Foreword Reviews

  1. Book Reviews
  2. Books with 234 Pages

Reviews of Books with 234 Pages

Here are all of the books we've reviewed that have 234 pages.

Book Review

Jesus and John

by Eileen Gonzalez

John must take the lead for the first time in his life to save himself and his beloved Yeshua in Adam McOmber’s otherworldly novel "Jesus and John". After the resurrection, Yeshua is not himself. Silent and unresponsive, He leads a... Read More

Book Review

Finding the Lost

by Jessie Horness

"Finding the Lost" is magical as its aspirational young lead finds her true strength. Alicia is an adventurer by nature. With high school just around the corner, however, long hikes and frog catching have taken a backseat to schoolwork... Read More

Book Review

Can You Hear God Now?

by Jeremiah Rood

The world is full of noise, but Susan Roberts’s prayerful "Can You Hear God Now?" cuts through it all to find some needed holy clarity. Learning how to listen to the still small voice of God takes a helpful and faithful guide, Roberts... Read More

Book Review

Alice Falls Again

by Erika Harlitz Kern

"Alice Falls Again" is a fun and creative continuation of a classic story. Fantastical wonders and head-over-heels adventures abound in D. J. Stoneham’s fantasy novel "Alice Falls Again". Alice is packing to move to London and study... Read More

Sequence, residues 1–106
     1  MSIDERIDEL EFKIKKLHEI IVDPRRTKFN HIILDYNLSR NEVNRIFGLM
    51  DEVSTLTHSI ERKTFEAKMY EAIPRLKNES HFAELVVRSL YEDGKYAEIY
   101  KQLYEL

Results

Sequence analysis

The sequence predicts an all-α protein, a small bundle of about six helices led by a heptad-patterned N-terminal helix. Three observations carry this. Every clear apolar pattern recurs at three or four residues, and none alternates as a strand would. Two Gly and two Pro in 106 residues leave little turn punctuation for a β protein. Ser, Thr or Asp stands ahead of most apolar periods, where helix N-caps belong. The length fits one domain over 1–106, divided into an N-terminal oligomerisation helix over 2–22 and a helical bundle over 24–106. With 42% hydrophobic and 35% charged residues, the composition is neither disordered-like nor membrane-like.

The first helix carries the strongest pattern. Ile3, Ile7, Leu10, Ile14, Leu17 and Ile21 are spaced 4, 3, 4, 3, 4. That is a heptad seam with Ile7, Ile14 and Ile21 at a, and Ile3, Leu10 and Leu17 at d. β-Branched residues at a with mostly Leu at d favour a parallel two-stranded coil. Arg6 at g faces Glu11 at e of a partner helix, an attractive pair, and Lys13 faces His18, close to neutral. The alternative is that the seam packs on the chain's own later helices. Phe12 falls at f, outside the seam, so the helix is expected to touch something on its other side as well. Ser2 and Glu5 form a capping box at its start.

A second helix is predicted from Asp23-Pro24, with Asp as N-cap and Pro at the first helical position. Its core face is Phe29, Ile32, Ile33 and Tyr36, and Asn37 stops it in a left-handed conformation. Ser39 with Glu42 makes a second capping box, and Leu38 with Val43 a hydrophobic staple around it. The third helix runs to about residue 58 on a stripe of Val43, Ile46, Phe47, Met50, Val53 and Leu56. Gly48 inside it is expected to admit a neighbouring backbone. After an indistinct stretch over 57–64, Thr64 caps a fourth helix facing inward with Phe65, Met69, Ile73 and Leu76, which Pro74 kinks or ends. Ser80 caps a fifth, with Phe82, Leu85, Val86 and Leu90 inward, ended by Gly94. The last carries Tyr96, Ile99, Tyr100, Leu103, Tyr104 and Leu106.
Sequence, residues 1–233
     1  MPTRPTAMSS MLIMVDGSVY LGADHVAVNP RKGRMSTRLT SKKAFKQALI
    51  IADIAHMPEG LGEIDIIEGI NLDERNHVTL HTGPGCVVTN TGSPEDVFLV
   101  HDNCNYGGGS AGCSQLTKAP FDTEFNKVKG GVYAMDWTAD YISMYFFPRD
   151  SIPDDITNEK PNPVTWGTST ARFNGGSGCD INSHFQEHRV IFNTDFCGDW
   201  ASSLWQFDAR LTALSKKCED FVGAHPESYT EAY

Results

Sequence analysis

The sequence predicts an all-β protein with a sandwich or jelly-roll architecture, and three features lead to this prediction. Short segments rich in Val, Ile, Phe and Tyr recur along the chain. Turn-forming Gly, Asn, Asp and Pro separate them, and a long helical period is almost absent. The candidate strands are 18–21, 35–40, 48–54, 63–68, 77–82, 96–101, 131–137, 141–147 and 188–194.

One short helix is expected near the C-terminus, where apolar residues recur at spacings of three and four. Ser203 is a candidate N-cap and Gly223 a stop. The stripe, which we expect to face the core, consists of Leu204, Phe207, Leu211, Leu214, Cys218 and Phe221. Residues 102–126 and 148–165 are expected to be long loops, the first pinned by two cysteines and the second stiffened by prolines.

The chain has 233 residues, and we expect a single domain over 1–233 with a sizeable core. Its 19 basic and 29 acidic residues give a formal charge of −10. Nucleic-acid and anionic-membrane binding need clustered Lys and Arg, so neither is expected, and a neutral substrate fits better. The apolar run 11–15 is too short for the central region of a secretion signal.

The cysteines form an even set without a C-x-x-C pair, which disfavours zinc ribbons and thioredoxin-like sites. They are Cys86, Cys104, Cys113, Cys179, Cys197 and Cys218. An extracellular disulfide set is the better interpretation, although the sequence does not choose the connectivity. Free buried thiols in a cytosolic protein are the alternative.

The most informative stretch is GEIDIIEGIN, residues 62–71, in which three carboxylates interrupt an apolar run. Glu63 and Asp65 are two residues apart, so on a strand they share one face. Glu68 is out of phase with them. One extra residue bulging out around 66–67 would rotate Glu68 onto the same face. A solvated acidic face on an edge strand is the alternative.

Book Review

The Meaning of Life

by Benjamin Welton

"The Meaning of Life" is an fun political thriller that takes a blunt approach to looming moral questions. Eighteen-year-old James is put through hell in Robert Scollo’s thriller, "The Meaning of Life". Drenched in geopolitics, war,... Read More

Book Review

De Anima(L)

by Susan Waggoner

"De Anima(L)" is a rich novel that begins as a tale of campus hijinks and evolves into an exploration of contemporary ambiguities. Joe Costanzo’s "De Anima(L)" is a sophisticated, character-driven novel—a blend of a campus mystery... Read More

Book Review

Horsemen of the Sands

by Meagan Logsdon

History and human drama collide in Leonid Yuzefovich’s "Horsemen of the Sands", a wonderful tangle of relationships, religions, and realism. The volume consists of two novellas—“The Storm,” set in a Russian elementary school and... Read More

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